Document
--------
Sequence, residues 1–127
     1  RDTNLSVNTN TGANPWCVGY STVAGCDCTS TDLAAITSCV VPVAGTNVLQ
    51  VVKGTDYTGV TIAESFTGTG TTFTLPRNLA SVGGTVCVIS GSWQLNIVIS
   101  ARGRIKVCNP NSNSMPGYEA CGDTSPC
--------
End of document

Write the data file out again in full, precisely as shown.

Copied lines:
Sequence, residues 1–127
     1  RDTNLSVNTN TGANPWCVGY STVAGCDCTS TDLAAITSCV VPVAGTNVLQ
    51  VVKGTDYTGV TIAESFTGTG TTFTLPRNLA SVGGTVCVIS GSWQLNIVIS
   101  ARGRIKVCNP NSNSMPGYEA CGDTSPC